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Mosley: Current spending isn't sustainable

5/9/2004

BARCELONA, Spain -- Formula One seems to have finally woken up to the fact
that there is not an endless supply of money out there. Normally the teams
can't agree on anything, but if there was one theme that came out of the
Monaco summit on May 4, it was that it's time to slash the ludicrous amounts of
cash the teams are spending.

How ludicrous?

FIA president Max Mosley revealed that the engine manufacturers are
spending a total of $1.2 billion a year on their F1 engine programs. Yes,
that's $1.2 billion! The top teams all spend over $250 million a year to,
when you come right down to it, field two cars in 18 races.

"It is not sustainable by any calculation," Mosley said.

Even the teams say it can't go on like this.

"The simple fact is that the money is running out," said Sir Frank
Williams, owner of one of the best-funded teams in F1.

The sweeping technical and sporting changes introduced by Mosley, and set
to begin in 2008, go a long way toward cutting costs. Mosley, Bernie
Ecclestone (who holds the commercial rights to F1) and the teams met in
Monaco on May 4 to discuss the new rules. Contrary to the bickering
sessions some of these types of meetings degenerate into, there was an
overall attempt to work together to find solutions to creating a better
show, cutting costs and ensuring the survival of the present teams while at
the same time opening the door to let new teams in.

Why such harmony?

"There was a common will," Williams said. "Everybody wants to save money."

There was also the stark reality that the teams really have no choice in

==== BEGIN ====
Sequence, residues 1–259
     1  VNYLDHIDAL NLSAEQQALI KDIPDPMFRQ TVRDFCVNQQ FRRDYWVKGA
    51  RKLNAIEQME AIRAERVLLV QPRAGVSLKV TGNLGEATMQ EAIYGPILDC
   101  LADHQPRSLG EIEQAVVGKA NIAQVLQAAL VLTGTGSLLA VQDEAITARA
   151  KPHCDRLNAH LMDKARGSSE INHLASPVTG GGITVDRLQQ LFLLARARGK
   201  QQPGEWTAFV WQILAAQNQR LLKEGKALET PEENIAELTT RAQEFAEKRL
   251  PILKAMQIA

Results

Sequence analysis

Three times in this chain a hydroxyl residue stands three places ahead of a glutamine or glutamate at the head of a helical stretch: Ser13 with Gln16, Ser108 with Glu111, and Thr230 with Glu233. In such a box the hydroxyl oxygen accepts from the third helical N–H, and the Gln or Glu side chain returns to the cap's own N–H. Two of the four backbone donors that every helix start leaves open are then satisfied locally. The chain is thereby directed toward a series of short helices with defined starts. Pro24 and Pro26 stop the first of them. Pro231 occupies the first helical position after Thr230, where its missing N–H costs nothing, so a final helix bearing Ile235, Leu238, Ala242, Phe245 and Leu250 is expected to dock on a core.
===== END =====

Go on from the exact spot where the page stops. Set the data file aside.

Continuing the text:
accepting the new rules package. F1 is currently bound together by the
Concorde Agreement, which is a document that sets out the relationship
between the teams, the FIA and the commercial rights holder. The current
contract runs out at the end of 2008. After that, the FIA can make up any
set of rules it wants, and then tell the teams: Here is our F1
championship, you are welcome to participate under our rules.

Among the many proposals are: long life engines; banning electronic driver
aids; mandating a common Electronic Control Unit; standard braking
packages; no spare car; severe limitation on number of tires used; a single
tire manufacturer; restriction on testing; ban on electronically controlled
differentials and power steering systems; and allowing teams to sell their
cars to new teams.

Of course, it's a commandment of racing that if a team is forced to save
money in one area it will just find another area to spend it on. And that
will be the case with the new rules. But what the new rules should do is
at least make it possible for teams to survive and compete without having
to spend ridiculous amounts of money.

"We shouldn't try to masquerade things up in cost-saving exercises," said
Lucky Strike BAR Honda director David Richards. "The reality is that I
will get a budget for next year; it will be the largest budget I can
acquire by whatever means I can, and we will allocate a proportion of that
to spend on our racing activities. Our job then is to spend that as
effectively as possible."

But teams with lighter budgets generally can't compete with the well-funded teams no matter how effectively they spend their money.

"What we've got to look at more and more is the enormous disparity we have